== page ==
We then revised the initial statement to read “I realized that I could use my special talents to create value not just for myself but for others, from my family out to school and community.”  Then describe how.  Avoid topics that many others will gravitate to:  My trip to Israel (or European / Asian tour), gender or religious conversion, why I hate / love / admire my parent / stepparent, and political opinions, unless you are involved in political work.  Think of something either off-beat or seemingly ordinary to signal an important principle you learned, then applied

The goal of the personal essay is to show off your insight, self-awareness, ability to derive value and meaning from any situation (family business, volunteering, off-brand sports, assignments, reading, challenges from family, peers, authority figures).  Showcase your own specialized perception, talents, expertise, ideas, even hopes and fears, and the doubts you have struggled with—showing how you coped, managed, or overcame them, and how you were able to surmount resistance with resilience. 

Q:  What about other best practices?  This would be obvious to experienced applicants:  No texting spellings (e.g.,” I xpect 2hav evn mor xper”); use a translation program if you need one.  Don’t rely on your own judgment about how well you write; show your “finished” draft around to your English teacher, an editor online, your parents, assuming they are literate types, or other seasoned writers.  Your own peers, unless they are highly qualified, probably don’t make the grade here.

But here’s a warning:  admissions experts know immediately when an essay looks “cooked”: written over 50% by an expert.  It can’t be a world-class essay when your grades are Bs and Cs.  If it’s 85% mechanically correct, and the ideas are solid, that level will be fine.  Students tend to put off the essay until last, but it’s important to work on it over time, starting slowly the summer before the due date. (Yes! This means draft after draft as you discover yourself in the text.)  This is the critical piece you spend the most time building up by multiple drafts, a much-encouraged method, and each stage takes the time of close attention.  No matter how skilled a writer you believe you are, this is no midnight-the-night-before task.  As a reward, this experience will greatly strengthen your essay writing in all school subjects.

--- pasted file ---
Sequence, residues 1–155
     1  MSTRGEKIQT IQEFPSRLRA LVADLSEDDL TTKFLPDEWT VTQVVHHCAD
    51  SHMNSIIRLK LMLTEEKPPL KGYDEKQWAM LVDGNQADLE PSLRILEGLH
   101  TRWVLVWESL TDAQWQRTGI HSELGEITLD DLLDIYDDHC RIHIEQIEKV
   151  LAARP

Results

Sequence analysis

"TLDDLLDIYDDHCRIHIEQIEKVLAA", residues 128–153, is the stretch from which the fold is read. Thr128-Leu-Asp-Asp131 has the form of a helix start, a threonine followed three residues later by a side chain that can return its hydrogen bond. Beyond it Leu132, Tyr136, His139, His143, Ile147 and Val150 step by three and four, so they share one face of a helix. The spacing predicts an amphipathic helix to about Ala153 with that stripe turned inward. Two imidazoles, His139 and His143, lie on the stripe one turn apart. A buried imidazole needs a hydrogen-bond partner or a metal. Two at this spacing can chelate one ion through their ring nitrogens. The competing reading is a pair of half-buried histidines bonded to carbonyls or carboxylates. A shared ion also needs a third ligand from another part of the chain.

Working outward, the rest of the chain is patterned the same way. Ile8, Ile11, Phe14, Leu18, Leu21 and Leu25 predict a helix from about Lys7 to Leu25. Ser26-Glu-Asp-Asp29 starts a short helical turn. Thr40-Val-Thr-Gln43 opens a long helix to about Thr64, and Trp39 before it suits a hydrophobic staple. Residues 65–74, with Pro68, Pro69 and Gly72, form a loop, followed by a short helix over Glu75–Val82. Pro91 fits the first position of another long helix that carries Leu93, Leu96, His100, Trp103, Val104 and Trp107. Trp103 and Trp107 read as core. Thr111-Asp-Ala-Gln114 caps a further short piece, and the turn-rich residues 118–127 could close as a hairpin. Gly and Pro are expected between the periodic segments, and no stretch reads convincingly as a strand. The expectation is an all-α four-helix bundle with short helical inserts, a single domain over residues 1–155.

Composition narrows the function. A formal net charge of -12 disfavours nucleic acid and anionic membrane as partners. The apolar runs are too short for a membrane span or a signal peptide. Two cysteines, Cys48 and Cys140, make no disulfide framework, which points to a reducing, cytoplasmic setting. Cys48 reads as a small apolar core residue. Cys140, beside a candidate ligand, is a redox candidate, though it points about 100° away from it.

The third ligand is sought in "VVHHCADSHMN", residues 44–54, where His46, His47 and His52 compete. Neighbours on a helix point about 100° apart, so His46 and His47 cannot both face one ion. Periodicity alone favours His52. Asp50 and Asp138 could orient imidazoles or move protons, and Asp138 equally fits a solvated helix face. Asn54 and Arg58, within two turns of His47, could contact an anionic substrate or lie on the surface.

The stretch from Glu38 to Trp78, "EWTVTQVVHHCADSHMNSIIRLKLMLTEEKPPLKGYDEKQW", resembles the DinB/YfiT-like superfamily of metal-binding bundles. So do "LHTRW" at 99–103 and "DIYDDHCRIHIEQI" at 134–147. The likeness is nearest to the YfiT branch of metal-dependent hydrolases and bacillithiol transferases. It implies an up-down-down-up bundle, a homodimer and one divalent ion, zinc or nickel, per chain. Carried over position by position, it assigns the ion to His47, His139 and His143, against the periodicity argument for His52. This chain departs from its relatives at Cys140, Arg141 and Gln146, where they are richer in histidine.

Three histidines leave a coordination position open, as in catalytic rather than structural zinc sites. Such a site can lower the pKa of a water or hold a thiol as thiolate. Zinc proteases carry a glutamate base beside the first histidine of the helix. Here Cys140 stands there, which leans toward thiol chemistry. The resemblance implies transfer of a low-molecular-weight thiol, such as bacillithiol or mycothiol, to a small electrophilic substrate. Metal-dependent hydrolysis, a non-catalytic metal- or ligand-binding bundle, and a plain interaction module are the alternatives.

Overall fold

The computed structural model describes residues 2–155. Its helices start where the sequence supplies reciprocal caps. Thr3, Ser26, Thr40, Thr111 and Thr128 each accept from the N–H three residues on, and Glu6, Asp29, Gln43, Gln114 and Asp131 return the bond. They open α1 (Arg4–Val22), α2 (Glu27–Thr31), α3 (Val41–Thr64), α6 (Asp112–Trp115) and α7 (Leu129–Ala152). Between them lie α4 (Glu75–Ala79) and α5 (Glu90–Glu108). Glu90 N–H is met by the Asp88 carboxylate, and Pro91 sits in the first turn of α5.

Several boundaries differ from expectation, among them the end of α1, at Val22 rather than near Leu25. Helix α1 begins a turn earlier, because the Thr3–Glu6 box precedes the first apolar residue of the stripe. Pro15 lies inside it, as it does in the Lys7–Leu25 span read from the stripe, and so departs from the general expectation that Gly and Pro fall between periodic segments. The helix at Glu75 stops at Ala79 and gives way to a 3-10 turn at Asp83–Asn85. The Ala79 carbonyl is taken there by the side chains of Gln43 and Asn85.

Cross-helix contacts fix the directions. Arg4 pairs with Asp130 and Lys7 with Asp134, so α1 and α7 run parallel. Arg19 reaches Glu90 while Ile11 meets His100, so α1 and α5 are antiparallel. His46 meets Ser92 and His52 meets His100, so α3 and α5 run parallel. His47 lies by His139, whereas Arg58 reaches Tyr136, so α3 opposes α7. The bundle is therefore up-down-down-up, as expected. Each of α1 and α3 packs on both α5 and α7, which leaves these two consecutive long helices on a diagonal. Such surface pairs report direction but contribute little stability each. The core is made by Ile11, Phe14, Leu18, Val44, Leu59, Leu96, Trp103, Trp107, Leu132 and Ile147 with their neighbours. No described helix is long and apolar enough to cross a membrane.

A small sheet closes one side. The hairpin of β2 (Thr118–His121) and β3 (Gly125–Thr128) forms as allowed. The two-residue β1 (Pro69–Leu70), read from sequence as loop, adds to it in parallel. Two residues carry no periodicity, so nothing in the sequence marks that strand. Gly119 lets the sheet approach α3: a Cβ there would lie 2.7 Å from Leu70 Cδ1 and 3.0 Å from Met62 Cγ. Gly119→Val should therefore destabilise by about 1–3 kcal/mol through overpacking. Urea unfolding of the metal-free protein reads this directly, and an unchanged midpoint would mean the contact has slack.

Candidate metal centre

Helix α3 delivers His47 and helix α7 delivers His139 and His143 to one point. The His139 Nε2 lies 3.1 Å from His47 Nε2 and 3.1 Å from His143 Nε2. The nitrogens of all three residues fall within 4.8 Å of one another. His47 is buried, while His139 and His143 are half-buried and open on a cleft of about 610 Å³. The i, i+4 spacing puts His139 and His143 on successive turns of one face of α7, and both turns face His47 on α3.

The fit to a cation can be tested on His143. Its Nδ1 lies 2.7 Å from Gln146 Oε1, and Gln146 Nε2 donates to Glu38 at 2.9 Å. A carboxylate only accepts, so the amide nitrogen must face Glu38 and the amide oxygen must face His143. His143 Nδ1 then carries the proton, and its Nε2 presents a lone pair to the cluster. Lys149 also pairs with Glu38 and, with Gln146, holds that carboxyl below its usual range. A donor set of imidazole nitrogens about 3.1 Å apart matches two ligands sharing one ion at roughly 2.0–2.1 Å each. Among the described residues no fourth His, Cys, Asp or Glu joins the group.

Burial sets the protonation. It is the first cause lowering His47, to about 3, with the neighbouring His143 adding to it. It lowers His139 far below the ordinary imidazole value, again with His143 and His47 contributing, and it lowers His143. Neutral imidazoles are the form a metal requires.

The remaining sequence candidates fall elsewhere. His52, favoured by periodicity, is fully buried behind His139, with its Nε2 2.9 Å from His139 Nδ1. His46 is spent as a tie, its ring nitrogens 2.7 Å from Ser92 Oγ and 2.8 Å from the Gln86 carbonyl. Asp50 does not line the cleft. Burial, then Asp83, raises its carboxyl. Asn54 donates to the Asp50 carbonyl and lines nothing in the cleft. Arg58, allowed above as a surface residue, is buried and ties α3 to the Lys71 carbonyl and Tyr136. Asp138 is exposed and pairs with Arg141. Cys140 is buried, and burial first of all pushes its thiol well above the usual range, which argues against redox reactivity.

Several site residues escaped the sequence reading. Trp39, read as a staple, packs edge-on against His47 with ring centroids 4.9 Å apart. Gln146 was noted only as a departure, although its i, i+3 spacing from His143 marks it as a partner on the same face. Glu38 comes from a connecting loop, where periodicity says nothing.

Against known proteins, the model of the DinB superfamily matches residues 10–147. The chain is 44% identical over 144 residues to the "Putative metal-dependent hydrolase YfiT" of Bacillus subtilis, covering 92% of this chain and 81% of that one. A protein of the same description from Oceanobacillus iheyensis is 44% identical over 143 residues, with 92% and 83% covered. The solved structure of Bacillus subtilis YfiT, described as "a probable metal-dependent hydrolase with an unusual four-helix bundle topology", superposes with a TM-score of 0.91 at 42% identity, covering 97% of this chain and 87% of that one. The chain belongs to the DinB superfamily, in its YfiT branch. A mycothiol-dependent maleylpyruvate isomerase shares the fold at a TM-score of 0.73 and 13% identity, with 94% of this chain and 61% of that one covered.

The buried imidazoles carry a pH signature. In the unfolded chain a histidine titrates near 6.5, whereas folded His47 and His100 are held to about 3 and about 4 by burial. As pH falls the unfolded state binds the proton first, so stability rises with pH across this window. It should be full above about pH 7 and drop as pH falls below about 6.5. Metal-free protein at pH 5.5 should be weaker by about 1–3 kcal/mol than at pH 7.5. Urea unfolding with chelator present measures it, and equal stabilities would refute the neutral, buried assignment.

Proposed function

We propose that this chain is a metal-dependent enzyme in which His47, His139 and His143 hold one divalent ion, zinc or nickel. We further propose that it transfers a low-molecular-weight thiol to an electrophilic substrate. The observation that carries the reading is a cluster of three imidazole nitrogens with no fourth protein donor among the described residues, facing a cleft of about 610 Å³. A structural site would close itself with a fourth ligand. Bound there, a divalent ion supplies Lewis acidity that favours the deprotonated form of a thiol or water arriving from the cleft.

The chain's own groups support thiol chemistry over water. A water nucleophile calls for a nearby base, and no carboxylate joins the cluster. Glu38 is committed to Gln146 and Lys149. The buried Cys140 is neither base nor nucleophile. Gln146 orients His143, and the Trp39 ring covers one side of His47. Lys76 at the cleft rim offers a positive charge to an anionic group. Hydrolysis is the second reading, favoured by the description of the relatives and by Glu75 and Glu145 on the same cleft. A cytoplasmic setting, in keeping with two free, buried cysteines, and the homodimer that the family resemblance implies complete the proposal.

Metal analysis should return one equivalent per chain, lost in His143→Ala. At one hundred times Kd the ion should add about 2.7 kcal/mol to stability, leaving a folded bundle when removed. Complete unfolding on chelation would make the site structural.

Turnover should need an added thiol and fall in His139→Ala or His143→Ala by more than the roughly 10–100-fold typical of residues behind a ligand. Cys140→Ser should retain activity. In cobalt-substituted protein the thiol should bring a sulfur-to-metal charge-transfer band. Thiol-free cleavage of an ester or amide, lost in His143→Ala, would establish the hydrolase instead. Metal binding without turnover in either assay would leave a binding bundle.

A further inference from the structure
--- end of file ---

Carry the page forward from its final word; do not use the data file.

QWhat can make the essay shine?  Seek originality and insight-finding moments to describe and analyze.  This means going beneath the surface of people, incidents, and circumstances to discover what’s important and perception-shifting about them.  Dedicate the time to focus, mind-map, then gather together a good number of thinking pieces as paragraphs you can then pull together to construct your essay (and note any word limits to be aware of).  Find the unexpected insight, the extraordinary embedded within “ordinary” scenarios. 

The idea is to show perception wedded to knowledge (weaving in references to school reading), especially impressive to your admissions readers.  One of my clients wrote a winning essay about watching Bill Cosby as TV’s Dr. Huxtable for his medical school application; another covered her job mowing lawns with his father when the family economy got tight for a business school placement.  Responding to “most impressive historical event,” another wrote about the explorations and innovations of the Phoenicians as key to civilization-building—a personal view.  

Exploring the many concepts implicit in ordinary experience, or to themes of human experience, is the key to an intelligent take on the world (the same skill that marks great literature, in fact) signals you are perceptive acceptance material who will prove an asset to the incoming class.